Police Watchdog Warns Misogyny, Sexism And Predatory Behaviour Still Prevalent In Many Forces
4 min read
The independent inspectorate of Constabulary and Fire & Rescue Services (HMICFRS) have warned that a culture of misogyny, sexism and predatory behaviour towards members of the public and female colleagues persists across many UK police forces today.
The report was commissioned in October 2021 by the then Home Secretary Priti Patel in response to the abduction, rape and murder of Sarah Everard by an off-duty Metropolitan Police Officer.
Several other incidents, including reports of harassment, misogyny and racism in Charing Cross police station, led to public confidence in the police declining, with the Met eventually being put in special measures earlier this year.
Today’s report stresses recent high-profile incidents were not the work of the occasional “bad ’un” as claimed by the former Met Commissioner, but an indication of longer-standing problems, systemic failings, missed opportunities and “a generally inadequate approach to the setting and maintenance of standards in parts of the police service".
“We keep hearing about plans to rebuild trust and confidence in the police, but we have yet more evidence of the extent of failings"
Speaking to PoliticsHome, Andrea Simon, Director of the End Violence Against Women Coalition (EVAW) said the report made it clear that there are widespread issues with vetting, standards and professional conduct, as well as systemic misogyny within policing.
“We keep hearing about plans to rebuild trust and confidence in the police, but we have yet more evidence of the extent of failings and a lack of concrete improvements in outcomes for women," Simon said.
"Transparency, scrutiny and accountability are the building blocks to restoring confidence in policing. If there isn’t transparency and scrutiny about how police are doing their jobs, there won’t be confidence.”
HMICFRS was just one body tasked with investigating misconduct and misogyny within the police. In February 2022 the Metropolitan Police tasked Baroness Louise Casey with reviewing the culture and standards of the force.
Although the Casey review is not expected to deliver its final report until February 2023, last month saw the publication of its interim findings that outlined significant issues in the misconduct practices of the Met, including: investigations taking too long to conclude or initiate, and equality and discrimination issues not being tackled effectively.
In a statement, the government stressed the findings were “highly concerning” and that they would shortly be launching an internal review into the process of police dismissals.
The report from HMICFRS today also highlights examples of police officers transferring between forces despite a history of concerning misconduct, and several incidents where what should have been assessed as gross misconduct being assessed as misconduct only, or not treated as misconduct at all.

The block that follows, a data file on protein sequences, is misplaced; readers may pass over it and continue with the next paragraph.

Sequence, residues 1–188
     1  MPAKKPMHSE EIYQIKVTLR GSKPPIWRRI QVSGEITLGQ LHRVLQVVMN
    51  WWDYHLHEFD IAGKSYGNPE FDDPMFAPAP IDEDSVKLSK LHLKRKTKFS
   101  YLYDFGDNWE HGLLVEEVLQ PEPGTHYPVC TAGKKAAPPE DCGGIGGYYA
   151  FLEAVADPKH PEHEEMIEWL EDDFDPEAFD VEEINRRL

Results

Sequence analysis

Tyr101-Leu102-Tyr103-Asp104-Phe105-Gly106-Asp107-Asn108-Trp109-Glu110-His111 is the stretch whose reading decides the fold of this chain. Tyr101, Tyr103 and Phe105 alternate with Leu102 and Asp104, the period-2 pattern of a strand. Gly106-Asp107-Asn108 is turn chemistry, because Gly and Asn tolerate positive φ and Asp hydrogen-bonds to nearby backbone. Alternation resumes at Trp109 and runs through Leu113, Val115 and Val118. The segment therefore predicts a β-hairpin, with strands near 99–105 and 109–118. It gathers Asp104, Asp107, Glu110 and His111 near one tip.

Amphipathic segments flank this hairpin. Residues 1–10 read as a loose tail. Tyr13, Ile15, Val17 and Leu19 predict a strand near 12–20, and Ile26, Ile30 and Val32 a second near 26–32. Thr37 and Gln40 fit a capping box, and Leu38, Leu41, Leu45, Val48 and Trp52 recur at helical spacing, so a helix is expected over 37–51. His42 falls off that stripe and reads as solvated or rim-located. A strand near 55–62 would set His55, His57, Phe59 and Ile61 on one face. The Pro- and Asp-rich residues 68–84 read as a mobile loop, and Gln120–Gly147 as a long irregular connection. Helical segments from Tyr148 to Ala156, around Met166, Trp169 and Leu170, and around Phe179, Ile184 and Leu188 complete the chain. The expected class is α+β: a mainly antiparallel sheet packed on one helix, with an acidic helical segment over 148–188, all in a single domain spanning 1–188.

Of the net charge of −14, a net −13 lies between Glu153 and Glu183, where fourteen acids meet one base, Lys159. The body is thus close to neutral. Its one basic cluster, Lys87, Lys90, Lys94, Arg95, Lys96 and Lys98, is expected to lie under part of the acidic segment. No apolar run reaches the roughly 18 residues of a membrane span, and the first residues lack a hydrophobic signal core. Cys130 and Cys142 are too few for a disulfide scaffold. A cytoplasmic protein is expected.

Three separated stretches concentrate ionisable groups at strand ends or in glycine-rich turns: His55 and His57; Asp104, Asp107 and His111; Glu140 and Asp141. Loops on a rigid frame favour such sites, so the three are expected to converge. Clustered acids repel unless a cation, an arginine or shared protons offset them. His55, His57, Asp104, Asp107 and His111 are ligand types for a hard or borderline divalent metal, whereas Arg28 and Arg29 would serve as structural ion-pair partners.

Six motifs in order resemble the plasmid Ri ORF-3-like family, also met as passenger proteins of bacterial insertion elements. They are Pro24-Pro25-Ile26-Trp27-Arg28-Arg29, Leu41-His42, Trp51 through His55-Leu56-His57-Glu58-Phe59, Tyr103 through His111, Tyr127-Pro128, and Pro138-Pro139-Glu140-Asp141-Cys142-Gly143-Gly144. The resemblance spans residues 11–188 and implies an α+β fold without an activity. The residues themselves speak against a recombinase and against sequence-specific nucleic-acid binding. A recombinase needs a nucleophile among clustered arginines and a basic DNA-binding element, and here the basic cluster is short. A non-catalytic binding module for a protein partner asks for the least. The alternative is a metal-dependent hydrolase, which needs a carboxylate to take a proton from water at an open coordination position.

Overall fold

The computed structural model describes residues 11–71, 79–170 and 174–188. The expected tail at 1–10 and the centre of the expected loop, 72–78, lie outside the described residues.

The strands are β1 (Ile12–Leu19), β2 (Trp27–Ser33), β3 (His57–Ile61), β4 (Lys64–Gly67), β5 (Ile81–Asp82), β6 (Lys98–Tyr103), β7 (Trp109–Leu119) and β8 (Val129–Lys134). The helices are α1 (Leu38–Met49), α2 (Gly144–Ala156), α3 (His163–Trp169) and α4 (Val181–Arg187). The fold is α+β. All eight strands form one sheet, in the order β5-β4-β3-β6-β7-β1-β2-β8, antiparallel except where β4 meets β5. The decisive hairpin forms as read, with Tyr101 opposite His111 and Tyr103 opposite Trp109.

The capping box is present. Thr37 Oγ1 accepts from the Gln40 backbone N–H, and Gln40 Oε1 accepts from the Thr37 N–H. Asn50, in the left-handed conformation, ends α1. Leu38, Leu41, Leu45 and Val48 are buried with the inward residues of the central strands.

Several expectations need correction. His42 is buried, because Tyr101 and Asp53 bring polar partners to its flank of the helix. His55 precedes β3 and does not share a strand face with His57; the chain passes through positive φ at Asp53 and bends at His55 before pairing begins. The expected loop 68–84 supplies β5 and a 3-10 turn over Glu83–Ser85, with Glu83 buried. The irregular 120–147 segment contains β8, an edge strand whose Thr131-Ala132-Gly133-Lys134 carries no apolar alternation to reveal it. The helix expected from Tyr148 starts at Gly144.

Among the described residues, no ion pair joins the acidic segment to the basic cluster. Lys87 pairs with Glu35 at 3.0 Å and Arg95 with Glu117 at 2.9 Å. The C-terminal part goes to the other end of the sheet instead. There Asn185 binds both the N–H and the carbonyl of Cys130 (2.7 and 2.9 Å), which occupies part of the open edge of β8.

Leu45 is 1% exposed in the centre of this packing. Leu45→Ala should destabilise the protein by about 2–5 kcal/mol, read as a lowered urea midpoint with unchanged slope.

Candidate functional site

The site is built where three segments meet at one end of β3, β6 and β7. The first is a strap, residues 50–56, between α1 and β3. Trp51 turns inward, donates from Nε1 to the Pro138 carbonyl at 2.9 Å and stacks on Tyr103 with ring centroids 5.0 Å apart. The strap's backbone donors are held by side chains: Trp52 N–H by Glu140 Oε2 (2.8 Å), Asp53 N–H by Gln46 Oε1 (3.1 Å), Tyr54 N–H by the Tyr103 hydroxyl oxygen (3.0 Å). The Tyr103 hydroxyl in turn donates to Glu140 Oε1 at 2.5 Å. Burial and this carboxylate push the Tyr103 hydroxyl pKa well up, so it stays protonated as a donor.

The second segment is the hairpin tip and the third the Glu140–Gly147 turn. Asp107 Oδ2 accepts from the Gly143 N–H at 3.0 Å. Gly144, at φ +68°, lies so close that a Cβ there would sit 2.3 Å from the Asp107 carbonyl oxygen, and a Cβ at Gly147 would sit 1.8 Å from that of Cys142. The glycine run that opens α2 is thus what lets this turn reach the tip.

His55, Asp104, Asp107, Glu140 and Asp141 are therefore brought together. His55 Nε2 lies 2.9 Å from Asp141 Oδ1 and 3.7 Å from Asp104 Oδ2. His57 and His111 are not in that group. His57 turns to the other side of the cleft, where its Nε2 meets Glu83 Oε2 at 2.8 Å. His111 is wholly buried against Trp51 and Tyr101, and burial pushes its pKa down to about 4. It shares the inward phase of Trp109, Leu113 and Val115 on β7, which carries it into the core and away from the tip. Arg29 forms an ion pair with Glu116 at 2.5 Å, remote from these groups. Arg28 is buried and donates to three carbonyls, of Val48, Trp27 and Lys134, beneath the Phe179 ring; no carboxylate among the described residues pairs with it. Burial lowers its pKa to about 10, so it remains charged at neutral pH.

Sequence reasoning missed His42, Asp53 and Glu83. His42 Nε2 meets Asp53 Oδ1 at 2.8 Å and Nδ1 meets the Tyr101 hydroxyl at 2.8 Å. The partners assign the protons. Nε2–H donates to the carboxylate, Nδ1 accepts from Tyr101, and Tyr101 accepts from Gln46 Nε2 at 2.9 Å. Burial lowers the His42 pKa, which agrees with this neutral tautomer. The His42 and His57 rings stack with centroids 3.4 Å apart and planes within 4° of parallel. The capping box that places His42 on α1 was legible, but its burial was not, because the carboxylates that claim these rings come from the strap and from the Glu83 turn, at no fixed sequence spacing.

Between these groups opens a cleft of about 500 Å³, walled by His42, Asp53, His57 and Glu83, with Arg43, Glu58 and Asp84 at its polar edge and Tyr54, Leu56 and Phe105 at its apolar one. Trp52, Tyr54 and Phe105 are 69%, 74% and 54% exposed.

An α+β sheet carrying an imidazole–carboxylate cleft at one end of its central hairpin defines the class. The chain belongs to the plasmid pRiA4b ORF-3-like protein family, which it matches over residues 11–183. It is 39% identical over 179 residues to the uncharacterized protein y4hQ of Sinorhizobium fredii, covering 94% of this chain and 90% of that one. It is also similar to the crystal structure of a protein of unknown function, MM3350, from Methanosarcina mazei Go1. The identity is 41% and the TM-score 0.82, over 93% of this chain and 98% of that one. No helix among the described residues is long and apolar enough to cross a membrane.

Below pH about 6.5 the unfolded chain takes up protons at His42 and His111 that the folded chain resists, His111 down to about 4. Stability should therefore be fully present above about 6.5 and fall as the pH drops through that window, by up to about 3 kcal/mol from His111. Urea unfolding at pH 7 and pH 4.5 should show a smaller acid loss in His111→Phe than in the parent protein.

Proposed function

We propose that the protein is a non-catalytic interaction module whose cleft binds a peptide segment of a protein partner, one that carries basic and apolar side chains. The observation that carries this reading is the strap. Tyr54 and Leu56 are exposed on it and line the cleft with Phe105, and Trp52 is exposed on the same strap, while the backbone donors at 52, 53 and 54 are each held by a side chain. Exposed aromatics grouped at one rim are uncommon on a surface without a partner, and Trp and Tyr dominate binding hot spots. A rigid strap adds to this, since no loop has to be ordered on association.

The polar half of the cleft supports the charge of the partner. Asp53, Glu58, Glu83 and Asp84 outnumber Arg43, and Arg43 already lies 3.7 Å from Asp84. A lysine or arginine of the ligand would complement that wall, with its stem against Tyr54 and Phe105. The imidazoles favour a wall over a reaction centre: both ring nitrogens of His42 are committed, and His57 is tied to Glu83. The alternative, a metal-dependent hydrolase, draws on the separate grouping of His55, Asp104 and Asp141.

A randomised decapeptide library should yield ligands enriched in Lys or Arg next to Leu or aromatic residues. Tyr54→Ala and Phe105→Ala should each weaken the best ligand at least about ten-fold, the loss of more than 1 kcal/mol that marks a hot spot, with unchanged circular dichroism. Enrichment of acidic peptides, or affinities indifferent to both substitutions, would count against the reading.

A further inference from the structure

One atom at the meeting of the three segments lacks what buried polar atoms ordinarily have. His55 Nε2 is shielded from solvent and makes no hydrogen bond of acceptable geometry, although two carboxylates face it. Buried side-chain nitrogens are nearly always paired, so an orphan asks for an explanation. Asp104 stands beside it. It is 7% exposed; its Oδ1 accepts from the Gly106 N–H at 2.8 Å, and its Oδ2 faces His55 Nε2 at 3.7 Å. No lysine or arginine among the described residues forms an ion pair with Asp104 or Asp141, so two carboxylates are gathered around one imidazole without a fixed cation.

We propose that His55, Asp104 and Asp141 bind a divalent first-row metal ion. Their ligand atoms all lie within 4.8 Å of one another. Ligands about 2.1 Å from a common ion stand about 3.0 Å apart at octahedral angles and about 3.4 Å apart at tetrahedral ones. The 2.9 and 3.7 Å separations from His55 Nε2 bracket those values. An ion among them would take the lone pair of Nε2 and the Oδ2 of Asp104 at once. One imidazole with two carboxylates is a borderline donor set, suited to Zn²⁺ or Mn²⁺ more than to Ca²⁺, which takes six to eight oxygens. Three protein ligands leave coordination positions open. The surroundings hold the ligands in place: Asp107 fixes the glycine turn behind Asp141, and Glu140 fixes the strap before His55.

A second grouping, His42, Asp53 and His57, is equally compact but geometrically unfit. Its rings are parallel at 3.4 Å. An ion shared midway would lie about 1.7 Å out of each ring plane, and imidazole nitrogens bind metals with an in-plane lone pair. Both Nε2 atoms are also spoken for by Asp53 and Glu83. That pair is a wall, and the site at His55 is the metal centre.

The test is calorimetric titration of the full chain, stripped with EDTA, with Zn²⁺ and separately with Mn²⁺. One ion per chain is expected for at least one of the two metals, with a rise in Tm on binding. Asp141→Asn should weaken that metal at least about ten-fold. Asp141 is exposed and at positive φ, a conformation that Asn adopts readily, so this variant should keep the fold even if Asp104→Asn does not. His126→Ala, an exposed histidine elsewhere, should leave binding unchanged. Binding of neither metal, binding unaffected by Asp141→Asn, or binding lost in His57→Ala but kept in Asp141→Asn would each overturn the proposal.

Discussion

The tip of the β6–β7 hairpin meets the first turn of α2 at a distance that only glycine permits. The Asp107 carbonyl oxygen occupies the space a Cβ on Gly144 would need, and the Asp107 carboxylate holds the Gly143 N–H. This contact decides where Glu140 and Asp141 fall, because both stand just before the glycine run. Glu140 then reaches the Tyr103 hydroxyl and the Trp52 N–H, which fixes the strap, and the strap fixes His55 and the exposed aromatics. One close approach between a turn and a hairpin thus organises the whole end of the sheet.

In a statement, His Majesty’s Inspector of Constabulary Matt Parr, stressed the need for reform of the misconduct system in order to stamp out misogyny and predatory behaviour in policing.
“The police must do more to prevent unsuitable people from joining in the first place, identify any misconduct within the force, and quickly dismiss officers and staff if they are not fit to serve the public.”
Both Baroness Casey and HMICFRS have called for better processes to be brought in across police forces to deal with vetting and misconduct. However, there is concern that problems are still prevalent while the government pursues its ambition to recruit 20,000 new officers by 2023.
“Given the risks involved with recruiting officers at the scale and speed required by the uplift programme, it is essential that police leaders act now on our recommendations. Our report highlights that they simply cannot afford to wait any longer,” Jukes stressed.
Simon of EVAW, agrees that it is “not only counterproductive but clearly dangerous to rush into recruiting tens of thousands of new officers when such longstanding and deeply rooted issues remain unaddressed”.
The Home Office and the Met still await the findings of the most substantial inquiry commissioned following the murder of Sarah Everard. Part II of the Angiolini Inquiry was brought forward this year and is currently investigating how Wayne Couzens was allowed to operate within the UK’s largest police force despite concerns being raised about his conduct.
Although its findings are not expected imminently, it is anticipated the report will act to highlight further concerns with the Met’s vetting processes and handling of complaints.
“Being ruthless in ridding the Met of those who corrupt our integrity is central to Commissioner Sir Mark Rowley’s vision of reform," the Met’s Assistant Commissioner Barbara Gray told PoliticsHome.
"We are setting clear expectations of behaviour and are developing data and technology to identify those who are not fit to serve.
"We will succeed with the vast majority of our honest and dedicated officers and staff. We welcome the HMICFRS’ report and will carefully consider the opportunities for learning and improvement.”
Laura Hutchinson is Head of Dods Political Intelligence. To find out more about this service, please click here.
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